There are cameras everywhere.
In Main Street in Danbury, there traffic cameras monitoring the ebb and flow of traffic.
Security cameras are ubiquitous in banks and stores -- in corner convenience stores and big box locations.
They're also now everyday installations in public schools -- especially in larger high schools, where it's hard to keep an eye on every hallway.
"They're a fact of life," said New Fairfield First Selectman John Hodge. "In fact, there may come a time when you're considered negligent if you don't have one."
Local police are now starting to use cameras to scan passing license plates, feeding those scans into central databases.
A bill introduced in the General Assembly that came close to passing would have installed cameras at intersections to catch people speeding through red lights.
A bill that died earlier would have required the Department of Motor Vehicles to study the use of radio frequency identification on state license plates.
That technology involves tiny radio components the size of a pellet of rice that give off information about the vehicle and its owner when it passes through a scanner.
That technology is now in use in private industries and retail stores as a way to track inventory. It's how an E-ZPass works on a highway. Some European countries are now installing the components in passports. The United States already has, since 2007.
With a warrant, police can track your whereabouts via your cellphone.
All this gives some people pause. The many ways of tracking where you are going and what you are doing can be a bit intimidating.
"It's probably gotten worse since 9/11," said prominent civil rights attorney John Williams, of New Haven. "But the debate over these issues has been going on for a long time. Dostoevsky wrote about in `The Brothers Karamazov.' "
"The problem is there will never be a point at which the police stop and say, `We've got enough information,' " Gutzman said. "They always want more."
But for the people who rely on the cameras and what they're capturing, they are simply a valuable tool.
Art Colley, finance director for the Brookfield school system, said there are now 42 cameras in the hallways and common area of Brookfield High School -- but not in the classrooms, cafeterias or gymnasiums.
"It's a very long building. We added to it by making it longer," Colley said.
The monitors allow administrators make sure nothing untoward is happening. He said the school keeps the video tapes for a week.
"If anything happens, we can go back seven days," he said.
Sal Pascarella, Danbury superintendent of schools, said there are cameras at the entrances of every school in the city to watch who enters and leaves.
Only Danbury High School has cameras inside the building.
"We can monitor the hallways from the principal's office," Pascarella said. "I can watch from my office.
"They're not an intrusion," he said. "They are there for students' protection."
Alicia Roy, New Fairfield's school superintendent, said the images caught on the tapes can be used to help teach students.
If a camera catches a student bullying another student in a hallway, Roy sad, school administrators can use the film to show the student why it was wrong to act that way.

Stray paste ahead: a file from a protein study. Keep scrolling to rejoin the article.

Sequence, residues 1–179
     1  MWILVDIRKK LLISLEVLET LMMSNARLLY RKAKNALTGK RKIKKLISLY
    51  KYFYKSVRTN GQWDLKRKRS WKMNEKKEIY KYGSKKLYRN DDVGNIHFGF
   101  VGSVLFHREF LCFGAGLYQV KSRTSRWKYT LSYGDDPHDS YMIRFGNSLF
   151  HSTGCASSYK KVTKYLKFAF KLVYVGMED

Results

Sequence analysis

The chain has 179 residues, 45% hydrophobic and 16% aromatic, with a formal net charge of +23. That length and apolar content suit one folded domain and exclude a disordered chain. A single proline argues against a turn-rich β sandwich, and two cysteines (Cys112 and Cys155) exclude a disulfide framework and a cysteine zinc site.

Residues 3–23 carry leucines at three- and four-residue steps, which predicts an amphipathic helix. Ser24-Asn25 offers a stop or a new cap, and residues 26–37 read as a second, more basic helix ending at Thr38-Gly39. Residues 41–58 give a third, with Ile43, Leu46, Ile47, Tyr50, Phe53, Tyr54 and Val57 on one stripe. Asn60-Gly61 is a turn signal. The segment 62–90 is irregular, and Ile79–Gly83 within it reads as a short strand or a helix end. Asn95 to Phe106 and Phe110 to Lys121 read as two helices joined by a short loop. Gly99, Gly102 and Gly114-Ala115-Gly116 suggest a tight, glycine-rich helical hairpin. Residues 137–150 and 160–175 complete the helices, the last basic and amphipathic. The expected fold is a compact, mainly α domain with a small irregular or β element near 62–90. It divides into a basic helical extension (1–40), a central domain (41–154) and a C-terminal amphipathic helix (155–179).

"We don't see it as a disrupting thing," she said.
The cameras that watch over Main Street, are, in fact, benign. City Traffic Engineer Abdul Mohammed said Danbury has the webcam system at several locations so it can watch how traffic waxes and wanes.
"The Highway Department uses it to watch the road during emergencies," he said.
The film is never stored and never used for law enforcement. Anyone can watch it by going to the city's traffic cam website at web.ci.danbury.ct.us/trafficams.
For some civil libertarians, the increasing amount of monitoring in other venues is a little off-putting.
For them, the police use of license plate scanners with an unlimited database is an easy way to keep track of cars -- and people -- without any legal restraint.
"It's so easy," Williams said of the way law enforcement can track people. "You don't need to leave any fingerprints."
Williams said in the 1970s, it was easier to prove police were involved in illegal wiretapping and other intrusions into private lives.
"Today, it's impossible to do that," he said. Police have become much more sophisticated in gathering information.
Along with that, there's an increasing sense that people believe it's all right for the government to do this -- "I'm not doing anything wrong, so why should I worry?"
Gutzman, who has written the book "Who Killed the Constitution?" as well as a new book on James Madison, the father of the Constitution, has said that under the reauthorization of the National Defense Authorization Act, the U.S. Congress made it legal to apprehend anyone suspected of terrorism, including U.S. citizens, and hold them without trial indefinitely.
"Obama said the bill was so bad he wouldn't sign it," Gutzman said. "When it reached his desk, he signed it anyway, then had a signing statement that said he would never use that power. I would really like something more than a personal promise."
Williams said as technology advances, it's more important than ever for those who defend civil liberties to speak out against its infiltration of our lives.
"They have to keep their chins up and keep fighting," he said.